The chairman of the Artesh’s Ideological-Political Bureau (which provides ideological and political training to commanders and personnel), the head of the Artesh’s Counter-Intelligence Organization, the Coordinating Deputy Commander, and the head of the Artesh’s Center for Strategic Studies are also the Leader’s appointees.

The Police (the Law Enforcement Force) 

The Supreme Leader appoints the commander of the Iranian police. This force operates administratively under the Ministry of Interior, but its top commanders are accountable to the Leader. The Coordinating Deputy of the police commander, the chairman of the Political-Ideological Bureau and the head of the police’s Counter-Intelligence Organization are also appointed by the Leader.

Cultural Institutions:

A wide range of institutions operating in media, propaganda and research fields are under the supervision of the Islamic Republic's Leader. The most important are the following: 

The Islamic Republic of Iran Broadcasting, or IRIB (Iran’s state-run radio and television network)

The Leader’s authority to appoint the head of the IRIB is emphasized in the constitution of the Islamic Republic. The IRIB has more than 50,000 employees and a three-digit number of television and radio networks operating both inside and outside Iran. 

Other media institutions 

The media institutions Keyhan (“the Universe”) and Ettela’at (“Information”) are also under the Leader’s control. They publish the newspapers Keyhan and Ettela’at, the most important Iranian newspapers prior to the Islamic Revolution, which were then placed under the Leader’s supervision post-revolution. Both establishments have huge printing houses which, in addition to Keyhan and Ettela’at, publish a large number of weekly journals, magazines and books.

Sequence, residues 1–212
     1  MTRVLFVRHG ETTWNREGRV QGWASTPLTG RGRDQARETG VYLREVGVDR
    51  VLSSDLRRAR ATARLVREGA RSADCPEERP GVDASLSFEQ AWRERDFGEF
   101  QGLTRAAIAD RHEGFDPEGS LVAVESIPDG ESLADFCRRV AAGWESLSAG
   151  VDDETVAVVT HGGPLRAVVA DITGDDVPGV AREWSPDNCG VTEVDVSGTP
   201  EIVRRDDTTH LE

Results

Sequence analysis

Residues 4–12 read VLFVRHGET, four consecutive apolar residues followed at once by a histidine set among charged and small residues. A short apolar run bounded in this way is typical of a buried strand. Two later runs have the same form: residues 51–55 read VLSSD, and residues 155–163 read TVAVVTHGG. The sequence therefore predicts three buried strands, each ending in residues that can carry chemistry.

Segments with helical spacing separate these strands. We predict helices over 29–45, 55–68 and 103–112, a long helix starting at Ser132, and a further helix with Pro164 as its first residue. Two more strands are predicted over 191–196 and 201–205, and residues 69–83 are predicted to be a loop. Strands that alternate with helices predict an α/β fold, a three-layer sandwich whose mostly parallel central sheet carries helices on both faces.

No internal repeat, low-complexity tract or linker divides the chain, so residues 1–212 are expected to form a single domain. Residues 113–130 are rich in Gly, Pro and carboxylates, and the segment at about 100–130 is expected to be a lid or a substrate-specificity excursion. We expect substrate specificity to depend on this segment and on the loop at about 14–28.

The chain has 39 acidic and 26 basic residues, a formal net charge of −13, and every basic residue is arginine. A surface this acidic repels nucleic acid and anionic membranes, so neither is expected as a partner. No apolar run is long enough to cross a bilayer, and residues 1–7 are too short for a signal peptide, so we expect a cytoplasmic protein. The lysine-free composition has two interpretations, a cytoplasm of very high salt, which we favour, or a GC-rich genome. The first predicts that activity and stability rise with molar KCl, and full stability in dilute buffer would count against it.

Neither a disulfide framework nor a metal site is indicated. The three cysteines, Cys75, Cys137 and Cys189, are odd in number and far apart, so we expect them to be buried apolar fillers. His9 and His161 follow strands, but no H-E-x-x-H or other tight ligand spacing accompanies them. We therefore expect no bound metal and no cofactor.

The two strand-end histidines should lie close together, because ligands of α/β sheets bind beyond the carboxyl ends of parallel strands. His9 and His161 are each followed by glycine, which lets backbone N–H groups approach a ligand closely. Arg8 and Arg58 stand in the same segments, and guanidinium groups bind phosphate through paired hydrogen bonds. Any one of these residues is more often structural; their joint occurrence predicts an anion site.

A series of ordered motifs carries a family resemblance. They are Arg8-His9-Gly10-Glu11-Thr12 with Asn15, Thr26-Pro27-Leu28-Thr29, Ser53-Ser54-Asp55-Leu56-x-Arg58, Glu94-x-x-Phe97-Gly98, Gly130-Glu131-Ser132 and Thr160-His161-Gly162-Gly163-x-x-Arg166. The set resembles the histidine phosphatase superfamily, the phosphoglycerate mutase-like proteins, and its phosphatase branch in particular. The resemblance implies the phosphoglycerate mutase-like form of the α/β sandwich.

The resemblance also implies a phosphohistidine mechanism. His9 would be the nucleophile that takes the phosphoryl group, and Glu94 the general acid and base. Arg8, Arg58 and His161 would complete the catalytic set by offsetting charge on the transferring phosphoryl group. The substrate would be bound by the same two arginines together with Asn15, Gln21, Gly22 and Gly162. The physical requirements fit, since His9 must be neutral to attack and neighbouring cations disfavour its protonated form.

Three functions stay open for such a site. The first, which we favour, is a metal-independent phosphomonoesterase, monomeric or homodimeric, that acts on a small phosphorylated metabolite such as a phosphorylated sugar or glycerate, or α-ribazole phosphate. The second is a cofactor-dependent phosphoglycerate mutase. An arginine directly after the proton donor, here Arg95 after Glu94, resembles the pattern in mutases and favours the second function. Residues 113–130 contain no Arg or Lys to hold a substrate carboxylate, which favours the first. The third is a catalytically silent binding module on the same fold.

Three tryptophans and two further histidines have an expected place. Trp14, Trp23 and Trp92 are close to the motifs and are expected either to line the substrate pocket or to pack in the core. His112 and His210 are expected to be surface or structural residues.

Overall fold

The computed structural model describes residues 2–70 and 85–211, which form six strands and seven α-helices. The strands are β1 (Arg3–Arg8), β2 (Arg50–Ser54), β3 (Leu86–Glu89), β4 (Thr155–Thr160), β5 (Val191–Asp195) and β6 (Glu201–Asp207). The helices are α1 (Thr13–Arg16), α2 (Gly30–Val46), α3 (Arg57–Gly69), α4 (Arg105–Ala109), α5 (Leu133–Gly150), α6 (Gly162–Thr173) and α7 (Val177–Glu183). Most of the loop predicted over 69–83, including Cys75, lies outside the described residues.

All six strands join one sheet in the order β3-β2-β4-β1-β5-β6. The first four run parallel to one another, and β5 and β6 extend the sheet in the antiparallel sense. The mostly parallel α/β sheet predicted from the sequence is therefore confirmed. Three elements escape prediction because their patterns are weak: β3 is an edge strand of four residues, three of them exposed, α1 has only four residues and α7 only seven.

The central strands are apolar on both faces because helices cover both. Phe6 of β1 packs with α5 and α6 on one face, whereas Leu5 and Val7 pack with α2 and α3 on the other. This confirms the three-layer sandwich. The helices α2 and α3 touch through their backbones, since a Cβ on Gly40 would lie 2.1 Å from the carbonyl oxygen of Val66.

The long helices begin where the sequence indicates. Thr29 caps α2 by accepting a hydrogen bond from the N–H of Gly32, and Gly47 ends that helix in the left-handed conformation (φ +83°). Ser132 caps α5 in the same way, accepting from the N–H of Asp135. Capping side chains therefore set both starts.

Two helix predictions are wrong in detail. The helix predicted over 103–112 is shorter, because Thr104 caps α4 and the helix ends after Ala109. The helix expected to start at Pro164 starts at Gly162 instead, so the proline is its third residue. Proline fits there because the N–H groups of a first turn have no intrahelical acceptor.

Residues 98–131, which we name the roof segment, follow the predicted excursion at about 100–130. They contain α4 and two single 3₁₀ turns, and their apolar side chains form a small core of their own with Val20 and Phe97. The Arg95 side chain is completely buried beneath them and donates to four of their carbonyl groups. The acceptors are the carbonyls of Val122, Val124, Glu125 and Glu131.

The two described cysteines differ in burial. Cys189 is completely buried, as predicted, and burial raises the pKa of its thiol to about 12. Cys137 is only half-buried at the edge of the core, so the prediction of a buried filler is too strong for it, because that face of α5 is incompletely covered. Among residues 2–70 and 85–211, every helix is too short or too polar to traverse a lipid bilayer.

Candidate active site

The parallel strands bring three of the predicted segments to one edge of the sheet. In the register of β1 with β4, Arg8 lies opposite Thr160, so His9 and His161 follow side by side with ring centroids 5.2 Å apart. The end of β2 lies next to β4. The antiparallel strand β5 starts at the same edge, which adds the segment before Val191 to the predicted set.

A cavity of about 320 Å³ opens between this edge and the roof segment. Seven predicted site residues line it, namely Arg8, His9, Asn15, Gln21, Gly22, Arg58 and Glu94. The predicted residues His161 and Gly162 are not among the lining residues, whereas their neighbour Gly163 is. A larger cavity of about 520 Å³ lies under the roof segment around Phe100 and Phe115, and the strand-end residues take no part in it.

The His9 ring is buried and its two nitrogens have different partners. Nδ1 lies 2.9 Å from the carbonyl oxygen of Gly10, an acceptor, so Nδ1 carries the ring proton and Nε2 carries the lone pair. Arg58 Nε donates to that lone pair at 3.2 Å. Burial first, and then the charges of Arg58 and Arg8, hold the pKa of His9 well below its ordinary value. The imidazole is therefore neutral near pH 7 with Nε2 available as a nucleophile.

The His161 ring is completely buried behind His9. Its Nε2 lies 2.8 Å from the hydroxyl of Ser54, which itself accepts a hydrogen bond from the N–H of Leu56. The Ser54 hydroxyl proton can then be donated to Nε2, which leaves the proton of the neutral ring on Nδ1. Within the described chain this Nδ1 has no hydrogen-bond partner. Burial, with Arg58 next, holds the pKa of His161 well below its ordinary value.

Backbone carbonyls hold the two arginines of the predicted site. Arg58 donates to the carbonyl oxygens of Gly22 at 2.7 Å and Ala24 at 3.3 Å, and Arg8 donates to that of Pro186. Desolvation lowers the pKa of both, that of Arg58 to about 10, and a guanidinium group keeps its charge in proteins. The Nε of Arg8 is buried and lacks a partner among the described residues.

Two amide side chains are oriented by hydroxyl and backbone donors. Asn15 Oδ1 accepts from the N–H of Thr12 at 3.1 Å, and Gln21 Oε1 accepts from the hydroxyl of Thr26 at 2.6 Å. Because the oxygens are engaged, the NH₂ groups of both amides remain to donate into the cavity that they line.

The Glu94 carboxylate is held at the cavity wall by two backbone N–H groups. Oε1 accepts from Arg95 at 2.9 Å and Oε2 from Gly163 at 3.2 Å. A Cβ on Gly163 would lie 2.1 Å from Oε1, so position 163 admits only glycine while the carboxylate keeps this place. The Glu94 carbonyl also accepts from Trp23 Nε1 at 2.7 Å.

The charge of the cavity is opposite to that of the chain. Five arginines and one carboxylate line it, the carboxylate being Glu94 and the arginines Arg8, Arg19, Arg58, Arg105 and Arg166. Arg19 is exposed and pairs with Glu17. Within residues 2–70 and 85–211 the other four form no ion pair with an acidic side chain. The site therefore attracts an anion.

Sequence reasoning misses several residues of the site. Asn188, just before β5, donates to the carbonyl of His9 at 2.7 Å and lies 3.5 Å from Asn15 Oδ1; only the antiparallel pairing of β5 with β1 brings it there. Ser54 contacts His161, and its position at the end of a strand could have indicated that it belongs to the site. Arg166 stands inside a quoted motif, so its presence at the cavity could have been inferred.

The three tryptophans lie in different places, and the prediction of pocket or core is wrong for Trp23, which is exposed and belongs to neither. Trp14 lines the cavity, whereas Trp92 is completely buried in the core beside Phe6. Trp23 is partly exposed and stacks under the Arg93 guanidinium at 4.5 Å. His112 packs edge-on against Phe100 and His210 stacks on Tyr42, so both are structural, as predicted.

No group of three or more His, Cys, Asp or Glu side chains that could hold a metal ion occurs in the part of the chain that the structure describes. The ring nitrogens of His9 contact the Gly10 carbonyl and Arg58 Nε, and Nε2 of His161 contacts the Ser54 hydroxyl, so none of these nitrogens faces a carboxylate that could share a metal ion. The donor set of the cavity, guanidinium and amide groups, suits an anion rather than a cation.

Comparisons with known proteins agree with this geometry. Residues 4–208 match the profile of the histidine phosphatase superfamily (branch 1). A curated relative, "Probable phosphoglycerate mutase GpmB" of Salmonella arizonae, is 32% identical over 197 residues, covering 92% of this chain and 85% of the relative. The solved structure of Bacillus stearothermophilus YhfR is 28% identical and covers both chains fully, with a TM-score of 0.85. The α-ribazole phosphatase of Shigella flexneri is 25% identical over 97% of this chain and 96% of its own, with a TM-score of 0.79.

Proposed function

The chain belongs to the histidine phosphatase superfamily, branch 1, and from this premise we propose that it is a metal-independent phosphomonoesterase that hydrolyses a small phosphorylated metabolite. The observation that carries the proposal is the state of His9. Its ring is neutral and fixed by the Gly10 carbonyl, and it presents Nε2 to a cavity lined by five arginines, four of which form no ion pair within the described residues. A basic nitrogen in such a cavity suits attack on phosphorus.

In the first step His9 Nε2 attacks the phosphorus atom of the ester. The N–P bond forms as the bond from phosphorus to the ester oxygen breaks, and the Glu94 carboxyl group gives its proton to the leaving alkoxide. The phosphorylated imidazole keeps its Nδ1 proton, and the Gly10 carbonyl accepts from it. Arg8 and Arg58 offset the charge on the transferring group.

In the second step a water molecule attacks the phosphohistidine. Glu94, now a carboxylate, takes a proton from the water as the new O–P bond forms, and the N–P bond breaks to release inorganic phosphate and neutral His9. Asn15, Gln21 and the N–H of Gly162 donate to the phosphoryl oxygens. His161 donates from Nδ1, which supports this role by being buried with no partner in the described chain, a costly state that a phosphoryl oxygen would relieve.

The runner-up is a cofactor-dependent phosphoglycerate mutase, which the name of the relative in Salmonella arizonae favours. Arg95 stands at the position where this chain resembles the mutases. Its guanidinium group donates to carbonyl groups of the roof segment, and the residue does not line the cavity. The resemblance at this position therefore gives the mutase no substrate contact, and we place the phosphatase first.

In addition to these, the Leader-affiliated Revolutionary Guards and the Basij run a broad range of media outlets, including at least six news agencies and many huge film and advertising agencies. 

Political-religious Institutions  

The political-religious institutions affiliated with the Leader are important from different perspectives. For example, the Friday Prayers Policymaking Council undertakes the important task of supervising Friday Prayers preachers nationwide, and these individuals are among the most influential figures in every city and province. Another example is the Islamic Propaganda Organization, which controls a vast collection of advertising, media and film agencies. The Islamic Propaganda Office of the Qom Seminary also plays a decisive role, given its responsibility for overseeing the Iranian clergy. Other important cultural institutions affiliated with the Leader include the Hajj and Pilgrimage Organization (in charge of organizing the trips of tens of thousands of Iranian pilgrims to Mecca), the Center of Supervision on Mosques Affairs (which is responsible for supervising tens of thousands of mosques nationwide), as well as the Islamic Culture and Relations Organization and Al-Mustafa International University (which are in charge of ideological propaganda in dozens of countries around the world).